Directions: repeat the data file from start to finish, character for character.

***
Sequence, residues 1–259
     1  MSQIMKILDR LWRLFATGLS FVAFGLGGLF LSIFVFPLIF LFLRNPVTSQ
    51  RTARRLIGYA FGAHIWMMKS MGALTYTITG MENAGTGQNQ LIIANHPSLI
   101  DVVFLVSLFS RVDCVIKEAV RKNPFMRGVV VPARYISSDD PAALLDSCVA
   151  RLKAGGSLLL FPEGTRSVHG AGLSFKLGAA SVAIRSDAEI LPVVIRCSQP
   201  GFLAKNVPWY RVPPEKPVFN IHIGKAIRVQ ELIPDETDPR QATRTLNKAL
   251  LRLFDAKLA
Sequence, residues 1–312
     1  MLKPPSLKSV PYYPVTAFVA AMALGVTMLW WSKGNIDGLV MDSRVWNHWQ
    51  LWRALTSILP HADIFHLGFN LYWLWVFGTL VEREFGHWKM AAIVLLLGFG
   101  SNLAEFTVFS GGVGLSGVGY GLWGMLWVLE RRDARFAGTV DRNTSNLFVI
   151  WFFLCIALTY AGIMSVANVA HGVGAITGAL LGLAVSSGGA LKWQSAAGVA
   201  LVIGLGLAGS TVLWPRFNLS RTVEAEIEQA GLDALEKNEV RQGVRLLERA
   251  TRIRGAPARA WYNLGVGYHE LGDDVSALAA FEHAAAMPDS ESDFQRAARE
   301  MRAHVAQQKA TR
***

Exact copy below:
Sequence, residues 1–259
     1  MSQIMKILDR LWRLFATGLS FVAFGLGGLF LSIFVFPLIF LFLRNPVTSQ
    51  RTARRLIGYA FGAHIWMMKS MGALTYTITG MENAGTGQNQ LIIANHPSLI
   101  DVVFLVSLFS RVDCVIKEAV RKNPFMRGVV VPARYISSDD PAALLDSCVA
   151  RLKAGGSLLL FPEGTRSVHG AGLSFKLGAA SVAIRSDAEI LPVVIRCSQP
   201  GFLAKNVPWY RVPPEKPVFN IHIGKAIRVQ ELIPDETDPR QATRTLNKAL
   251  LRLFDAKLA
Sequence, residues 1–312
     1  MLKPPSLKSV PYYPVTAFVA AMALGVTMLW WSKGNIDGLV MDSRVWNHWQ
    51  LWRALTSILP HADIFHLGFN LYWLWVFGTL VEREFGHWKM AAIVLLLGFG
   101  SNLAEFTVFS GGVGLSGVGY GLWGMLWVLE RRDARFAGTV DRNTSNLFVI
   151  WFFLCIALTY AGIMSVANVA HGVGAITGAL LGLAVSSGGA LKWQSAAGVA
   201  LVIGLGLAGS TVLWPRFNLS RTVEAEIEQA GLDALEKNEV RQGVRLLERA
   251  TRIRGAPARA WYNLGVGYHE LGDDVSALAA FEHAAAMPDS ESDFQRAARE
   301  MRAHVAQQKA TR